Are passive and aggressive people more likely to suffer health problems than assertive people? If so, why is being assertive so good for our health? What can you do to improve your levels of assertiveness and, therefore, your health?
Imagine having a life-threatening physical illness and being so unassertive that you were unwilling to ask for help.
Would that harm you? Yes. “Surely,” you may ask, “no one” would be unable to ask for help in such circumstances?” Alas, not; help-seeking reluctance is very real and costs lives.
How many people are so unassertive? Frankly, we don’t know. Why? Because they are no longer alive to answer questions about the cause of their reluctance to ask for help.
We do know that some people don’t ask for help because they “don’t want to make a fuss,” meaning that they consider asking for help would inconvenience others. That is passivity-induced self-destructive behaviour.
Even medical professionals are reluctant to ask for help, especially mental health help. Why? They worry that declaring they need mental health assistance will impact their careers. And they are right to be concerned; there is still huge prejudice against mental health problems, even though in any one year, 25% of people will experience such a problem. Over a lifetime, one in two people will personally suffer mental health problems.
Most medical professionals are aware of those figures and will still not assert their need for help.
Even when passive people become ill, and are helped, whether they have asked for it or it has been required, their lack of assertiveness goes on to cause more problems.
Every year huge numbers of people die of medical negligence. An unknown number of those fatalities are caused by passive patients abdicating responsibility for their health to the physician. “That’s the doctor’s job” is a common justification for their passivity. “I don’t know anything about medicine” is of the same ilk. Both come from a mindset of passivity; both lead to the physician not being given full information, not being challenged when they make false assumptions, and not being confronted about treatments that are likely to harm a patient.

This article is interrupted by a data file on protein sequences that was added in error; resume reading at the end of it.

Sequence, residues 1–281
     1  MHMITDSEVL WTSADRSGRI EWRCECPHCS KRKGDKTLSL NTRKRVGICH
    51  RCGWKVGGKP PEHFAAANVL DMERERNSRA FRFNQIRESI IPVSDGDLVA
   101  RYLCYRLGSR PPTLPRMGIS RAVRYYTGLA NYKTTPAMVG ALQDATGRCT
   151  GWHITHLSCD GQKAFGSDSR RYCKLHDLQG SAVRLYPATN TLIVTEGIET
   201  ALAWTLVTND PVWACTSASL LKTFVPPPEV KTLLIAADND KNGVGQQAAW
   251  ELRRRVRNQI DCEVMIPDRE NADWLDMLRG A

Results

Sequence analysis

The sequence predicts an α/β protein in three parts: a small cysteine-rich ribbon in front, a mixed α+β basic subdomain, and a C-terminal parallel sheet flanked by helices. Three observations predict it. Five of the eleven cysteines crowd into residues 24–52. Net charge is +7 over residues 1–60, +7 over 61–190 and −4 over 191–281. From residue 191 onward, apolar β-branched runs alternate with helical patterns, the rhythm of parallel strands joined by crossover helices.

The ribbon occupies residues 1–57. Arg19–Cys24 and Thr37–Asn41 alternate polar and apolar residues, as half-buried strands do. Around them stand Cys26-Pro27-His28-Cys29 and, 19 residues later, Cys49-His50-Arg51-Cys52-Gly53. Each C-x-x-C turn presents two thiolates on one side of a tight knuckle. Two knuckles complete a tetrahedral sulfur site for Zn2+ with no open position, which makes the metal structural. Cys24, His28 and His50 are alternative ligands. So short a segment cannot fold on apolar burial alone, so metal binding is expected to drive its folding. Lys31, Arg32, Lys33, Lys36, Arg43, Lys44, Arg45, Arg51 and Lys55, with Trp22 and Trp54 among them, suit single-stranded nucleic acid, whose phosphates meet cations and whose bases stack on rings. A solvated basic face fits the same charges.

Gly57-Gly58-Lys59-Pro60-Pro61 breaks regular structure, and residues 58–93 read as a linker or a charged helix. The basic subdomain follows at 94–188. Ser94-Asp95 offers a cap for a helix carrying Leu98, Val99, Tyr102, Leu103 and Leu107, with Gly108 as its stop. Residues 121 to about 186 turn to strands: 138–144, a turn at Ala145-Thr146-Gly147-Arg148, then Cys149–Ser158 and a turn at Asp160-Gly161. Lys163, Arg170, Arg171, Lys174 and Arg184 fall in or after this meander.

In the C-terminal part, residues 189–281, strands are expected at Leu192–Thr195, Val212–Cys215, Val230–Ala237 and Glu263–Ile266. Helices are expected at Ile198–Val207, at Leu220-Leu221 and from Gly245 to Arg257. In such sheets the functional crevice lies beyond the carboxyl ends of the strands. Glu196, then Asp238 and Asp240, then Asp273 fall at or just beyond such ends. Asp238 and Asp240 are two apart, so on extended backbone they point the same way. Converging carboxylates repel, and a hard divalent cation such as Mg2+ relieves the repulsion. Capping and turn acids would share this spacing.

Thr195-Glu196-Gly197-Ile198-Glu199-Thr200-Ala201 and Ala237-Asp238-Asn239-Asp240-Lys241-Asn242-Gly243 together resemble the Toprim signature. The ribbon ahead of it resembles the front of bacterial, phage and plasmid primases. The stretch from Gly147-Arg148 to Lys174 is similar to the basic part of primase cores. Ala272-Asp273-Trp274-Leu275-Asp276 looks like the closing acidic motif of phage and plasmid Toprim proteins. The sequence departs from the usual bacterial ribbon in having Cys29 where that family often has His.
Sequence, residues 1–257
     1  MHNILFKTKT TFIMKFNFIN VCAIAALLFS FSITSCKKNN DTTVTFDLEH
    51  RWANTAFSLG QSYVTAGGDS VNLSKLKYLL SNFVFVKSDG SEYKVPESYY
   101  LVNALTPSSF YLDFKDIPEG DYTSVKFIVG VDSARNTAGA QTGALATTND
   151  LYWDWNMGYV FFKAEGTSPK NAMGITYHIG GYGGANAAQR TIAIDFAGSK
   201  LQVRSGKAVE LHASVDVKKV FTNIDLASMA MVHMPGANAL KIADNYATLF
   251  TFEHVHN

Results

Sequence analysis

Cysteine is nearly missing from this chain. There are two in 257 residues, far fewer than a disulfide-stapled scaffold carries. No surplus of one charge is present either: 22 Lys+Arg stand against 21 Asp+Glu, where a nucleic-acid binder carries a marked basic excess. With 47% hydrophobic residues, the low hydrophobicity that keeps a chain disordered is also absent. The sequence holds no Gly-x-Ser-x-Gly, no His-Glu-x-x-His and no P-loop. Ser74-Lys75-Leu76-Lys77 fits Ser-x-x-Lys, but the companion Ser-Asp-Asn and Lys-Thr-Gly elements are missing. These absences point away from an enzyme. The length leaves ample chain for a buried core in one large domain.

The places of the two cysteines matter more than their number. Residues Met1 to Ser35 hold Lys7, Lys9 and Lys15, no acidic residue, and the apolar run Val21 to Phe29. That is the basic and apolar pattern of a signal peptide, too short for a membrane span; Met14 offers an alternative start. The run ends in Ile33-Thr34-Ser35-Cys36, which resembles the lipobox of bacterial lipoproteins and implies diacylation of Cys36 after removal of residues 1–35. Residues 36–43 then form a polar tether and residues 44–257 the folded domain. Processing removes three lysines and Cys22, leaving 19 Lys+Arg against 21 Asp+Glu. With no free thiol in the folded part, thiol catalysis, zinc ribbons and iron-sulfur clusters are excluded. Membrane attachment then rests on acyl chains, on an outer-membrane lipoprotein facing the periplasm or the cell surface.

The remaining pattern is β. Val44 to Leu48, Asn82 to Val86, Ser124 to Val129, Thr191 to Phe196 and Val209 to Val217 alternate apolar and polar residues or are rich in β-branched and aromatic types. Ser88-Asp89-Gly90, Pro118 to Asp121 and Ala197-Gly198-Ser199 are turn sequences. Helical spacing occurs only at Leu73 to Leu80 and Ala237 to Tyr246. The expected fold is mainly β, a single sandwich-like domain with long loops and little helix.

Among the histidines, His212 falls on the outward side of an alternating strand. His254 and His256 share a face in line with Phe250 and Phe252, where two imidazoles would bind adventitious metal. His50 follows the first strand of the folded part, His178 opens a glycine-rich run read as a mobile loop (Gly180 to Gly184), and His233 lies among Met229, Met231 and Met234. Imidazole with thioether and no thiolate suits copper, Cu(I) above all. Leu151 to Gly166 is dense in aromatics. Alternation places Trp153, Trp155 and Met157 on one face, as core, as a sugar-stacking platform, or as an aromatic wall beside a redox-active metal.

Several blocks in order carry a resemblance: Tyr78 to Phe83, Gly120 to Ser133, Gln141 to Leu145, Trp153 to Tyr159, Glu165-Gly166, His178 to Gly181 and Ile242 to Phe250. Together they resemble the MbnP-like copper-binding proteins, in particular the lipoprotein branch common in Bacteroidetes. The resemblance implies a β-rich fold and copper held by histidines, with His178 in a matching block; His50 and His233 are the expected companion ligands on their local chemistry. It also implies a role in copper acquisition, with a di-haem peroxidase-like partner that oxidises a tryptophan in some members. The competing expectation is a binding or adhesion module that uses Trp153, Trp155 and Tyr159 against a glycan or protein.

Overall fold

If the person needing help perceives that those they need to ask for assistance are unapproachable, unhelpful, gaslighters, dismissive, or otherwise psychologically toxic, they are even less likely to ask for help.
From their facial expressions and body language, you may have observed people in help provision roles who make it very clear that help is the last thing they want to provide.
You may also have seen some consultant doctors whose modus operandi is “never to be wrong”, treating nurses, patients and other staff with contempt.
In both of the above examples, it takes an assertive person to ensure they receive the right help in the right way.
The attitude of the “helper” can determine what level of assertiveness is required in the person in need to receive the needed help. If the person needing help falls below the level of assertiveness to trigger help, it can have fatal consequences.
When people make decisions, their motivations play a part in their decision-making. They conduct a cost-benefit analysis and a risk-benefit analysis. If a non-assertive person perceives that the emotional cost and psychological risk they face for speaking up to express their needs or concerns is too high, they will remain silent, with possibly grave consequences.
Even in intimate relationships, a lack of assertiveness kills. How many people have not checked the sexual health status of a sexual partner because they could not assert their right to self-protection?
How many did not ask? How many allowed sex without protection because they felt unable to assert their right to sexual health protection by insisting on using protection? How many are dead because they did not assert themselves? We do not know the number, but it seems reasonable to think that the number is very large.